have the words "foregoing terms." If you look in the Concise
Oxford Dictionary, you will find that "foregoing" means
previously mentioned terms or conditions. What are the previously
mentioned conditions? If you go to the first part, it says
"peace, order, and good government."
However, gentlemen, you
have a Lieutenant Governor in this province, as of 1867, who is a
direct descendant of James Murray, who is the general who took
over from Wolfe when Wolfe was killed on the Plains of Abraham.
Under the royal proclamation of October 7, 1763, he was enjoined
to appoint governors that were to look after peace, welfare and
good government. So now you have a situation where you have the
federal government, with general powers only, dealing with
I don't have it down for
you, but if you happen to look up "welfare" in the dictionary you
will find: "A satisfactory state, health and prosperity,
wellbeing, usually of person, society etc. ... Welfare state: one
having national health, insurance and other social services."
So now you have Ontario
taxes flowing to the federal government from the GST, the Income
Tax Act; some $90 billion from the various provinces, from
Ontario usually the most of it, somewhere around $40 billion most
probably, all in not general taxes flowing to a general
government and coming back from a government that has peace,
order and good government spending it on welfare, which is the
mandate of the provinces.
You sit here and you don't
know this. You most probably never read the Constitution. I read
it for eight years, over and over again.
A tax is defined within the
Black's Law Dictionary as "a rateable portion of the produce of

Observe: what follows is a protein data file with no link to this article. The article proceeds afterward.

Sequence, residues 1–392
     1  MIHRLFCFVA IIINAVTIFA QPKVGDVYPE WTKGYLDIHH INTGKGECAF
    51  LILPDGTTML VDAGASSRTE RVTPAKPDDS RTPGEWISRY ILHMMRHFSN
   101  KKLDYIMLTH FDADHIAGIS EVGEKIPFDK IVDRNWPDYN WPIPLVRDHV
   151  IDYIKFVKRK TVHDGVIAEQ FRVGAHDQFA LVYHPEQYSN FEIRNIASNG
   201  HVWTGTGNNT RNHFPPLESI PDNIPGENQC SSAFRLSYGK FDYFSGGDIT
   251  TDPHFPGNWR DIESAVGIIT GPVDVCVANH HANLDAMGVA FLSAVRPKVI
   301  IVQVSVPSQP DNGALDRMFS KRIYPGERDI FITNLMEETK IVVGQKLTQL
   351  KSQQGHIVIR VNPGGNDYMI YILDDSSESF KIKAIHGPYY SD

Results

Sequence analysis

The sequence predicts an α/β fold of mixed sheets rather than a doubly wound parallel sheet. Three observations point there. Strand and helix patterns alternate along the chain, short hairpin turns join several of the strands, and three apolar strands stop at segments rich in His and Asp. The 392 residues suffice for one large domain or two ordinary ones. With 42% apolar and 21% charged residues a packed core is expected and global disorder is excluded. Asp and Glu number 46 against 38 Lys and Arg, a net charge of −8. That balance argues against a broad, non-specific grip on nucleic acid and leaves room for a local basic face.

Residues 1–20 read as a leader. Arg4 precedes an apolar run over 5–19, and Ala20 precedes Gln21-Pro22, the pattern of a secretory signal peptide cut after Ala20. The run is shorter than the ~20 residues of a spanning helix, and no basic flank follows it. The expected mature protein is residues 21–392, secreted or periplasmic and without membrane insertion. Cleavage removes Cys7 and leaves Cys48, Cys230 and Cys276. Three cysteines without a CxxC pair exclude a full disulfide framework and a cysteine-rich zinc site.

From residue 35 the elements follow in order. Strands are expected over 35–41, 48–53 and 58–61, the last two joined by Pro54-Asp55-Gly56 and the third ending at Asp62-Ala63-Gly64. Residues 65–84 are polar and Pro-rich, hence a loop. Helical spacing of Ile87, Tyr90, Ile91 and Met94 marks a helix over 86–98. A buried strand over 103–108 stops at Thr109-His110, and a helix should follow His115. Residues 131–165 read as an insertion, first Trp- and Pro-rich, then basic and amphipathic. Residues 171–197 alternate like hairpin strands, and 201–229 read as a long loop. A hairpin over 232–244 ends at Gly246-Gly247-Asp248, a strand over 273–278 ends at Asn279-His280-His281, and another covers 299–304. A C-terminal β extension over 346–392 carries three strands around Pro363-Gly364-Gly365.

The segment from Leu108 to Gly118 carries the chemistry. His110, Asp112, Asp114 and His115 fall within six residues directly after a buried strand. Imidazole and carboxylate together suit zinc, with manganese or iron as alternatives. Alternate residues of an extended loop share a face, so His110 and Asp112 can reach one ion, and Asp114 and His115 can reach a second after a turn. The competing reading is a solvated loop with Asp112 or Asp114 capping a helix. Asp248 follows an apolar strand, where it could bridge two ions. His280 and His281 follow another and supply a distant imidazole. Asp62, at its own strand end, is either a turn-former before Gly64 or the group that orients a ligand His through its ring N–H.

the property and labour of the individual." Now, you look up
"private"-it is within your statutory powers to deal with the
private-you can tax my farm, you can tax Darwin's farm, or his
aunt's. You can do what you like with the person. Then you stand
back and allow the federal government to tax the individual too,
so you have a double taxation system, because you don't
understand what the Constitution says. You can quote all sorts of
statutes that were passed prior to 1982, but the mistake that
Trudeau made was he brought this back, made it the written
Constitution of Canada with the words still in it.
I basically wanted an
excuse to talk to you on the unemployment insurance. You have a
SIN number given to you if you're a private individual. You have
the federal government dealing with private individuals. They
don't have the statutory power of the private. They're collecting
your money and they turn around and they hand it back to you and
they'd like you to believe that they have the right to do so. But
if you look at 118, especially if you go down in the notes below
section 118 of the Constitution, in the Constitution itself, and
you read them carefully, you'll find there was a lump sum payment
to all the provinces and there was a universal per-head allowance
Paul Martin stands up the
other day and talks about the universal baby care program they
had. This is fine, but it only applies to babies. That's a
partial, part of the provinces. If you want to talk about the
territories, don't. The territories fall under section 146, and
for section 146 the laws are made as if they came from
We have a bigger problem in
Ontario. We have a problem where we have all the judges on all